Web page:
[DAVID BLACKMON] Tanker trucks will come and fill themselves up with water, take it to the location, wherever the job is.
[ASSURAS] David Blackmon of El Paso Oil and Gas says the industry needs a lot of fresh water, storing it in reservoirs for ready use.
[BLACKMON] It certainly is an issue for this area because we're in a drought.
[ASSURAS] But Blackmon says the industry is unfairly blamed for using more than its fair share of water.
[BLACKMON] It's a lot of water, but when you put it in context, it's really very sustainable.
[ASSURAS] In fact, according to the Texas Water Development Board, water use for fracking is small compared to major users like farms or municipalities. But Alyssa Burgin, who runs the environmental group the Texas Drought Project, says the state can't behave as if fresh water will remain abundant.
What happens if there isn't rain over the next few years?
[BURGIN] Texas dries up and blows away. That is really not too absurd a thought.
[ASSURAS] State climatologists predict the current drought could last until 2020. At the same time as drilling increases, state officials predict the amount of water needed for hydraulic fracturing may increase 700% over the next decade.
[BURGIN] I believe hydraulic fracturing is a very big threat. Particularly as it expands.
[ASSURAS] But there are some potential solutions in the works.
Oh, that's kind of ugly. What is that?
[BRENT HALLDORSON] That's oil primarily, floating on top.
[ASSURAS] Brent Halldorson of recycling company Fountain Quail says that 20% of frack water comes back to the surface, and it can be treated and reused.
[HALLDORSON] We just go where the need is the highest, and right now, due to the drought, the need is very high right here, so we want to be here helping the industry succeed.
[ASSURAS] Fountain Quail is the first recycler to enter the Eagle Ford. So new, in fact, we were shown its $10 million system still in the testing stage.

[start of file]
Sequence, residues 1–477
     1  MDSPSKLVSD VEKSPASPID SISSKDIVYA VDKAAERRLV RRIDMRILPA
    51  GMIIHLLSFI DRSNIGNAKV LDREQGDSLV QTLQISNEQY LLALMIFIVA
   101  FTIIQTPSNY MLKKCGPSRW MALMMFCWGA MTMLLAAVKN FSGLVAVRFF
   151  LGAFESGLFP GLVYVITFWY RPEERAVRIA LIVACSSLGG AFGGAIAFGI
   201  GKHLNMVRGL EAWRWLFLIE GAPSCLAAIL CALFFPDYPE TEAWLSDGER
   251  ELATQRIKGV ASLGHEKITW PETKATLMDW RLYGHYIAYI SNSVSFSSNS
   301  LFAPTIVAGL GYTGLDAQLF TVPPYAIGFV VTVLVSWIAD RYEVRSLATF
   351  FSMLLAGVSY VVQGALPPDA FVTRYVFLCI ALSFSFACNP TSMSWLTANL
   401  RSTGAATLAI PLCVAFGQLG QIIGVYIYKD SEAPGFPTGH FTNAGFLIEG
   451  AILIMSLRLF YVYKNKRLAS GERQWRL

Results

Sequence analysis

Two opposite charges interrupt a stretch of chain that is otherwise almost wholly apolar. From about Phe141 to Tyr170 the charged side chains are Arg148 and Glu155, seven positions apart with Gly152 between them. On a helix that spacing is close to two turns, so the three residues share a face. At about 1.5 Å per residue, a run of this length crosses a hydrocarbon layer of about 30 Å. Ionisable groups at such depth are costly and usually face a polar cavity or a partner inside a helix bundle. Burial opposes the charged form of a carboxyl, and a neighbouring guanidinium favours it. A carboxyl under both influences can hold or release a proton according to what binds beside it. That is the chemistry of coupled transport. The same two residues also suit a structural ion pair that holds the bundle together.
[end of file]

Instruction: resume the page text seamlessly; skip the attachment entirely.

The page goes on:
[HALLDORSON] If we can make recycling part of the equation, bring more sustainability into the entire big picture, I think it's a win-win for all involved.
[TEXT ON SCREEN] Tour the fract water recycling plant at energyNOW.com.
[ASSURAS] At this one facility, about 210,000 gallons of water a day are being recycled, a small fraction of the water consumed by fracking. But for Texans like Marvin Witte, every drop counts.
[WITTE] Water, water's everything, you know. Money and oil is good, but water is the best thing we have, to survive.
[ASSURAS] Of course, the best solution to the drought comes from the beautiful blue, but cloudless, skies above.
One solution that's emerging in the Eagle Ford -- oil and gas companies are drilling deeper wells for farmers if they share some of the water.
But there may be another solution -- water-free fracking. Canadian company GasFrac says it can fracture shale rock with a propane-based gel. When the oil or gas starts flowing, the company says the gel mixes right in, turns to a vapor, and returns to the surface and can later be recovered and reused. For now, GasFrac's propane gel is more expensive than water and isn't widely used for fracking.
Texas is home to America's second largest shale oil field, and business is booming - production has skyrocketed from under 1,000 barrels a day in 2004 to more than 8 million so far in 2011. But hydraulic fracturing in shale rock requires millions of gallons of water, a precious resource during one of the worst droughts in the state's history.
Anchor Thalia Assuras visits the Eagle Ford shale in Texas to see how rapidly expanding water use by energy companies is impacting the state.